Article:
In Western Christianity, the idea of absolute divine power did not discourage the exploration of nature's regularities because it was balanced by the idea of ordained power. No such balancing act occurred in the Ashirite school of Muslim theology even though it distinguished between Allah's absolute power and the derived power of humans. This distinction was not applied to natural phenomena. The Ashirites believed Allah creates a cause especially for the occasion of a phenomenon according to a regular pattern of cause and effect. This pattern, however, could be interrupted by prayer. Therefore, knowledge of this pattern remained unreliable even though it was believed to be implanted in the believer's mind by God. Western distinctions between sensation, reason, and faith as ways of knowing became separations. Thus raising the question of their relationship.
The answer further illustrates how metaphysics has affected the dialogue via epistemology. According to the German philosopher Immanuel Kant (1724804), scientific knowledge of phenomena arises when sensations are organized by the mind using concepts such as space, time, and cause. Beliefs about nature become scientific knowledge if they correspond to phenomena. Since beliefs about God do not result from sensations they can be accepted only on faith. This separated scientific and religious knowledge into different categories so that no dialogue was possible between them. This separation became an issue in the engagement between religion and biology. The German anthropologist Johann Friedrich Blumenbach (1752840) used purpose as a natural secondary cause in explanations of animal development and saw God as the primary cause. For Kant, however, this meant that supernatural causes had been included in explanations of nature. That is, the religious belief that God had created things for a purpose had constituted a scientific explanation. Kant was willing to accept only the regulative use of purpose as a guide to research.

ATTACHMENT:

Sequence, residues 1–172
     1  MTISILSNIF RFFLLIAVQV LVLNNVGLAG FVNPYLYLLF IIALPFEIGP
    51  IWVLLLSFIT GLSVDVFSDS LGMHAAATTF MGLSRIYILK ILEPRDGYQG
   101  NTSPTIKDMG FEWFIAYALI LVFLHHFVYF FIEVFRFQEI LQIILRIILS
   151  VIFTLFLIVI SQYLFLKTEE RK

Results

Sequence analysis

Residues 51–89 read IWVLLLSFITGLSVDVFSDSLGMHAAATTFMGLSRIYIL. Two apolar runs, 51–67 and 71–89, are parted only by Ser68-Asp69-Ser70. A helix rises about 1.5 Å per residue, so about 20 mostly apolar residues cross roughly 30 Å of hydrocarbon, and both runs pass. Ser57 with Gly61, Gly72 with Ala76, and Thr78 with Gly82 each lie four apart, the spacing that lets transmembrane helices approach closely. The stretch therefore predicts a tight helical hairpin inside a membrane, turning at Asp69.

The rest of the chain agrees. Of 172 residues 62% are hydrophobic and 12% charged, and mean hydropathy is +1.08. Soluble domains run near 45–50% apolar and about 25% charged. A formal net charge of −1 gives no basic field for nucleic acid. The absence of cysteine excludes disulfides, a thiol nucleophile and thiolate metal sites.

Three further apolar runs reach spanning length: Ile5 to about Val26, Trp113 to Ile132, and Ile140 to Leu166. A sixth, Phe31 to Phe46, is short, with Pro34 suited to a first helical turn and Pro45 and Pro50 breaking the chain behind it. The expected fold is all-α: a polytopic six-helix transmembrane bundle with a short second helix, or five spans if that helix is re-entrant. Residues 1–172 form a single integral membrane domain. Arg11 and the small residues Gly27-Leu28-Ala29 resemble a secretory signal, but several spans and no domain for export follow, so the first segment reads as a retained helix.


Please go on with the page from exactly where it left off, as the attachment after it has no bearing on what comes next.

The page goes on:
The existence of purposive behavior in organisms is described by a concept of goal or function that excludes from scientific explanation both divine and animal intent. It is used both to guide research (what is the function of venous valves?) and to explain the observations (the function of venous valves is to block reverse flow). In twentieth-century positivism, metaphysics and religion were denied the status of knowledge and meaning because their concepts were believed not to refer to sensible realities. However, Kant's separation and its positivistic interpretation failed for a variety of reasons. As a result, there is renewed interest in metaphysics, which has revealed that it often mediates between science and religion.
See also DUALISM; EPISTEMOLOGY; KANT, IMMANUEL; MATERIALISM; NATURALISM; NATURE; ONTOLOGY
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JITSE M. VAN DER MEER